I was taken to a side room to be examined, clocking a toilet in the room I quickly asked if I could go to the loo before another contraction started. I waddled in and locked the door and as I sat down my whole body began to push; I could physically see my stomach contract and move downwards. I must have shouted out to tell the midwife because before I knew it I was on a wheelchair being rushed to a delivery suite.“How would you like to give birth?” the kindest midwife in the world asked. I muttered that I would love a water birth, apparently I had gained some strength from somewhere and my desire for an epidural had subsided, maybe I could do this after all. Boom, the next contraction hit within seconds and I was quickly asking what pain relief I could have. I was blessed with the most wonderful midwife and doctor during the delivery. I could not imagine how I would have coped without them. It was now 3.45am and I was climbing onto the bed ready to be hooked up to monitors, still breathing deeply through contractions and praying with all my might that I would be given the energy for what was no doubt about to be a very painful few hours. I had no longer made it on to the bed before I was telling the midwife that I needed to push again. I still had my hoodie on and was sweating buckets; “let me have a quick check to see how far along you are” she said. This was almost immediately followed up with “you are 10cms, on the next contraction I want you to push as hard as you can”. I could not believe it. In my head I was about 5cms, coping horrendously and being a complete drama queen. Our baby girl was on her way and there was no stopping her. I was offered gas and air which I refused, not because I’m a martyr, but because it makes me violently sick. The realisation hit that I was going to have to do this without pain relief again (I was also too late for any pain relief with Susanna)!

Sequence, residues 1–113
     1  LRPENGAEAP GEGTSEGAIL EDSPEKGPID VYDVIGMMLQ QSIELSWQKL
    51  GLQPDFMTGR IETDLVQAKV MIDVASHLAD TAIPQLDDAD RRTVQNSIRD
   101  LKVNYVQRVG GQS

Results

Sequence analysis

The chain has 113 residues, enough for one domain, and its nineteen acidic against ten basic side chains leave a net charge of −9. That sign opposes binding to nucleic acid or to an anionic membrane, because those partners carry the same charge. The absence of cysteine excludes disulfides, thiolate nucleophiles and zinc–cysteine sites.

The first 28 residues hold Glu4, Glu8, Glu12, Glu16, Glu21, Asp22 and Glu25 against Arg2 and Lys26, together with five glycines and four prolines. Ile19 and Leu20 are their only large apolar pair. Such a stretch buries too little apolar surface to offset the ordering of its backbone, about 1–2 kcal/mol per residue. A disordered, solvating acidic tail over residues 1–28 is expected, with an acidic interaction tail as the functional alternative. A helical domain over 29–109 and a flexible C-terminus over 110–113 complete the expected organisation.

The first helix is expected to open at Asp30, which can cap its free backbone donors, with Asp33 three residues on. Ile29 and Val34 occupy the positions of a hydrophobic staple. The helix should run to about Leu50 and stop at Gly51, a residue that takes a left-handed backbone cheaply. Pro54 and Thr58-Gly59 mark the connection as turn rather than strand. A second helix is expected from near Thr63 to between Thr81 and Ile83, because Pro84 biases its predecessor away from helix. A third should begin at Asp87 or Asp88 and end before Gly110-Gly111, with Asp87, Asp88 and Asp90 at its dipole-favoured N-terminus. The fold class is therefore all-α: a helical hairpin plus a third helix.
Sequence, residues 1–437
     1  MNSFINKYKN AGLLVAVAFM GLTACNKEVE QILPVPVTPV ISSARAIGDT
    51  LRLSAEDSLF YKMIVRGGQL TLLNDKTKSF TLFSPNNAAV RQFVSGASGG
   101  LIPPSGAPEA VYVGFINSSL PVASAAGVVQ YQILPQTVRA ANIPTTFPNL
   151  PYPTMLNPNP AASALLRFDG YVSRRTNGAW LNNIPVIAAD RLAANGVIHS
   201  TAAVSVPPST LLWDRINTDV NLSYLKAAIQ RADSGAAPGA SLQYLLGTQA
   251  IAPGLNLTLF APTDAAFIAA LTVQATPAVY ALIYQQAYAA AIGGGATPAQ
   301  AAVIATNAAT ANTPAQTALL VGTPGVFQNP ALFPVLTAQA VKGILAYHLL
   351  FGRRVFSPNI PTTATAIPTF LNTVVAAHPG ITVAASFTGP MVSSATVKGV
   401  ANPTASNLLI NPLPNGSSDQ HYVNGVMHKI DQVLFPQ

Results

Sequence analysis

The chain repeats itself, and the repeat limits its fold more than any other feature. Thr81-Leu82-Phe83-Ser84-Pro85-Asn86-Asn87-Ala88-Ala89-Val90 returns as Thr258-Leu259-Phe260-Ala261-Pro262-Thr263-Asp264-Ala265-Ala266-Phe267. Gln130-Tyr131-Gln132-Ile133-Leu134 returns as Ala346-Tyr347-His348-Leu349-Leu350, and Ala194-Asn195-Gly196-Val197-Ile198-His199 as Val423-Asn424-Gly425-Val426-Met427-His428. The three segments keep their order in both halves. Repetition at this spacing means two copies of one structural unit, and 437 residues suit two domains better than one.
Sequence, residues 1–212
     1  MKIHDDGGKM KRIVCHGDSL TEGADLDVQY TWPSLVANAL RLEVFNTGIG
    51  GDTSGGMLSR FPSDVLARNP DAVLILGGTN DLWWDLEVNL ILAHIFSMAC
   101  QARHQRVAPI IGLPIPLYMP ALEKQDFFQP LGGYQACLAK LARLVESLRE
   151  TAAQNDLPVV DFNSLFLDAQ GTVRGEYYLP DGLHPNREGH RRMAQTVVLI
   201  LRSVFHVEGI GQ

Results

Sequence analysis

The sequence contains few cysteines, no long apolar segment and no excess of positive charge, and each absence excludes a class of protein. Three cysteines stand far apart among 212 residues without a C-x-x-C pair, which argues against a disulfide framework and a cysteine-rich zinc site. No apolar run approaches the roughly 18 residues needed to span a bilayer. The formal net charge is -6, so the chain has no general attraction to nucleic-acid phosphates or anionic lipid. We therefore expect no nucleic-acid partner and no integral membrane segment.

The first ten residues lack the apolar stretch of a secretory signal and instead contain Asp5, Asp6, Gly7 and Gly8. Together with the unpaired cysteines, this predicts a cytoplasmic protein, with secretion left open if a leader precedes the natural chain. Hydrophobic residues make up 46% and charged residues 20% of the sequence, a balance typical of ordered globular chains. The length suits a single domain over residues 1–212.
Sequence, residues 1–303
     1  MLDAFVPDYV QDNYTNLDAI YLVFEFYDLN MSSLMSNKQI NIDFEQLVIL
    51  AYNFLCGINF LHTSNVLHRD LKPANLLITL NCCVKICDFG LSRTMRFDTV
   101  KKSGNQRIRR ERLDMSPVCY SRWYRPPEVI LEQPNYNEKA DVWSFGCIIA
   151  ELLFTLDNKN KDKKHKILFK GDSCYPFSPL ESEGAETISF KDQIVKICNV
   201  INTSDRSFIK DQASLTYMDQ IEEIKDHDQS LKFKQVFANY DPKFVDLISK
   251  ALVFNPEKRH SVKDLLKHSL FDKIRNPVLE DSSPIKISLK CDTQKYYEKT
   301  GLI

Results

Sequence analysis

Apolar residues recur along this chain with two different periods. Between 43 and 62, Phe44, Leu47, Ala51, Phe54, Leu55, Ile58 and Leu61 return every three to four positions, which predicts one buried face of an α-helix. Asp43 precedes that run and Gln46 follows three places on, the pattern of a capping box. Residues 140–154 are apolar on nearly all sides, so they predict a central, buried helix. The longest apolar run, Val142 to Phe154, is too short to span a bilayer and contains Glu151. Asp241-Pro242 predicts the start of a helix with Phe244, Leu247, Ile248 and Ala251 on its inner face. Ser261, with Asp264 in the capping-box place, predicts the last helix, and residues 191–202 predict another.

I was panicking and clinging on to Marks hand as I started to push. The midwife and doctor were amazing, instructing me how to push properly and just to give me that little boost the doctor uttered the words “instruments to help” which made me push like my life depended on it. They could see the head and told me that on the next contraction I would need to pant. I am giggling now as I remember the next few moments! Panic well and truly set in; “what is pant?” I asked like an absolute numpty. They very graciously demonstrated for me and I began to pant as the ring of fire set in. Oh.My.Word. I was willing it all to be over. “That’s her head delivered, now breathe and wait for the next contraction”. This felt like the longest minute of my whole life. I could see tears rolling down Marks face, I know he won’t mind me sharing that he is super soppy when it comes to his girls. She was almost here, this was it.